Review: Stones in his Pockets
Gaiety Theatre, Dublin
A KERRY village is taken over by a Hollywood film crew and two local lads have parts as extras in Marie Jones' worldwide theatrical success Stones in His Pockets.
"I would like to get into the movie proper, like", Jake tells Charlie in a heartbreakingly keen southern brogue. Charlie is trying to snaffle an extra portion of the baked Alaska pudding that tops up their '50 quid a day' wage, and would also like to advance his career. The two are left to binge on gin in a corner of the only pub and lust after Caroline Giovanni, the blockbuster's slithering lead actress, until whoa! Caroline lures Jake back to her hotel room.
Is it a fantasy imagining of the making of The Quiet Man or Ryan's Daughter? Not remotely. Caroline is simply using Jake as a dialect coach to help her achieve an authentic Irish pronunciation. Her attitude sums up the self-serving, opportunistic, tyrannical blather of America's dream factory, as its agents land in and upset the life of this ailing village for good.
The hint to the tragedy that strikes in the middle of the play is in the title. This is a two-man show brought to life entirely by Stephen Jones as Jake and the swaggering Damian Kearney (pictured) and if it weren't for the ease with which the actors play 15 characters, the existential horror of Beckett's Estragon and Vladimir could be felt. We're staring at a forlorn strip of emerald-coloured pebbles overhung with a screen of nebula – the Blasket Islands. The economical set gives a lot of opportunity for character acting.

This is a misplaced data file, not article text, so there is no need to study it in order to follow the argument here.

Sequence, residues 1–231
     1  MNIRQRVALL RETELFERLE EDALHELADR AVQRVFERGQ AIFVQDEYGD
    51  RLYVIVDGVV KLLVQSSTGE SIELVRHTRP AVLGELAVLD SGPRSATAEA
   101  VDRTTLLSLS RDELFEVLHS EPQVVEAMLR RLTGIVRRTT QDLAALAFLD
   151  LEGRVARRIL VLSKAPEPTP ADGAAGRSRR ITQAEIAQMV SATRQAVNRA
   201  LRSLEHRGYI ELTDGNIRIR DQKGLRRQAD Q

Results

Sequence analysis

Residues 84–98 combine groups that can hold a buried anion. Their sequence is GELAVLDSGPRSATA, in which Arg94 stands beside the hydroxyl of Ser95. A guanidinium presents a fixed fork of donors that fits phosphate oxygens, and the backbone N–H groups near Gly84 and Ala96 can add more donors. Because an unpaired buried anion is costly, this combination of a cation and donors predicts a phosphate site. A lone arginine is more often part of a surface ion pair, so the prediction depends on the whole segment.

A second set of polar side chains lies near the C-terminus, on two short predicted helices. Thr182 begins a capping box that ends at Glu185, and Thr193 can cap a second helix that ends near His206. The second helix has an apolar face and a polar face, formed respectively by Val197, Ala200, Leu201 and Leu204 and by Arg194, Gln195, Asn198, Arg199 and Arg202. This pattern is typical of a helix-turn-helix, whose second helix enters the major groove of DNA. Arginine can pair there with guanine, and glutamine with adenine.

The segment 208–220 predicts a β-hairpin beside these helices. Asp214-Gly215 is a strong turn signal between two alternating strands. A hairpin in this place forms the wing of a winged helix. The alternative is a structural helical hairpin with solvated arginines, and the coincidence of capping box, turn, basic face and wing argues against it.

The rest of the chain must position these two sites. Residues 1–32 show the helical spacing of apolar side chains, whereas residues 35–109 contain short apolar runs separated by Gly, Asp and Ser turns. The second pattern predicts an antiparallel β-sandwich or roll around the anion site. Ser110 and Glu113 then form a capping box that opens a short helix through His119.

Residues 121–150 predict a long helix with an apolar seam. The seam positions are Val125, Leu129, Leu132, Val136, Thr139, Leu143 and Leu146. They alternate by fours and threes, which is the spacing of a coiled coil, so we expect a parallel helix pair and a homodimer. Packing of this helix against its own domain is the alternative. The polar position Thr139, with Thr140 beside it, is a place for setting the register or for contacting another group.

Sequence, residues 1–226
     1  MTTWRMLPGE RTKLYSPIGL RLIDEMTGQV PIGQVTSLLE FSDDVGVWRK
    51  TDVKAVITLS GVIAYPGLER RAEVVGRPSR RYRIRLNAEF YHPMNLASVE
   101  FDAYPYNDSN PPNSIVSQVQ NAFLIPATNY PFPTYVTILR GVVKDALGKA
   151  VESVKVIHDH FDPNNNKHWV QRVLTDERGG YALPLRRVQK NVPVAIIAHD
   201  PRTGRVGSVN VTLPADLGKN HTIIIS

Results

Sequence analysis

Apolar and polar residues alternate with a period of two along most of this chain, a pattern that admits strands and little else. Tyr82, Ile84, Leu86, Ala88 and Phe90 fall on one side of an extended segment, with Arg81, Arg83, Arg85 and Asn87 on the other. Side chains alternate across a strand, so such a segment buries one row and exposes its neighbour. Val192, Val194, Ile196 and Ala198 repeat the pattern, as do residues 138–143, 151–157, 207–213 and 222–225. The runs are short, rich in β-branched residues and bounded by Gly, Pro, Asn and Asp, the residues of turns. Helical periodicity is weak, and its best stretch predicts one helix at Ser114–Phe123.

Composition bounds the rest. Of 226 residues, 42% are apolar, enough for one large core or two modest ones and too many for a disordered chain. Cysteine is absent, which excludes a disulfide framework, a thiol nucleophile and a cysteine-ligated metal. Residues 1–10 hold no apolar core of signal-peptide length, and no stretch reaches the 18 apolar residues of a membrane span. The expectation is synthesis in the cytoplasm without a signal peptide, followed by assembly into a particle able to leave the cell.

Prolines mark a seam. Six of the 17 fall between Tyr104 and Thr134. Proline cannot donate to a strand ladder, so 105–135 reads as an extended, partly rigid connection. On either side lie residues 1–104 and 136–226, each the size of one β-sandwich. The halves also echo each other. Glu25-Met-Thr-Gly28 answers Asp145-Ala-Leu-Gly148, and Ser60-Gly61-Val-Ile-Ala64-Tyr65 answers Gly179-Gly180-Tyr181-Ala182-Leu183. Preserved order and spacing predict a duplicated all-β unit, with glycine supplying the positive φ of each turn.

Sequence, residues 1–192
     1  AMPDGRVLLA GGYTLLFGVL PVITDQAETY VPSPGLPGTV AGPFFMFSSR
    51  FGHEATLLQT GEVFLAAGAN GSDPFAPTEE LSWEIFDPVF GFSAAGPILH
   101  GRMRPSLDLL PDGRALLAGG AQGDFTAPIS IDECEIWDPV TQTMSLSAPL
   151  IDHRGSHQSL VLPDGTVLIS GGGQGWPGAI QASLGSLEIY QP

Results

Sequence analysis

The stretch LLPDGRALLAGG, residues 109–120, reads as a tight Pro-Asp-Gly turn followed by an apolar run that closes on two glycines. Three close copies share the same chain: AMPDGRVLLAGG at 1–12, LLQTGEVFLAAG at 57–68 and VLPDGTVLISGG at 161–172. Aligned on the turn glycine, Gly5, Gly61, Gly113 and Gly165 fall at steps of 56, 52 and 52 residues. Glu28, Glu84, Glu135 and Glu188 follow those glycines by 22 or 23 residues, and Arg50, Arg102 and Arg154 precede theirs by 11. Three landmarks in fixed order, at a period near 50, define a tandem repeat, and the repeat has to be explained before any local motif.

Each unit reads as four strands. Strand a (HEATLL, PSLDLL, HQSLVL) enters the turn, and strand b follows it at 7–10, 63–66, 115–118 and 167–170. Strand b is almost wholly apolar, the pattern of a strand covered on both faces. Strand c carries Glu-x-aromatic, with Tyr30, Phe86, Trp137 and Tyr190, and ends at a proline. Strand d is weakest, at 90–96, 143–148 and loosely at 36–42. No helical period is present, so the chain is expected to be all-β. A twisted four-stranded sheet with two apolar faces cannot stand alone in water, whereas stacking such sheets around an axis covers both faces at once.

There is pure laughter in watching Charlie morph from a Belfast navvy to a Hollywood femme fatale to an aggressive Dublin 4 security guard. Jake, the more ambitious character, hits harder as he becomes a vacuous cocaine-proffering crewster and an oily RTÉ reporter. Tweed waistcoats and a muffled playlist of céilí songs and nostalgic rock & roll place this in the timeless zone of a longstanding commercial hit.
Humour dates slowly in hands such as these actors'. One senses, however, that the one-liners this script relies on cannot last the ages before quaking into clichés like this: on Jake's pretending to be a poet: "I wouldn't know a Seamus Heaney poem if it came up and bit me in the arse". Not brilliantly original. Paddy's Day and its various paddywhackery force us to either join in the laughter at ourselves or to distrust its motives, and this play asks us to do both: laugh, and ask why? Why is the Irish imbecile still so funny? Worryingly perhaps, we do more laughing than questioning at Stones in his Pockets.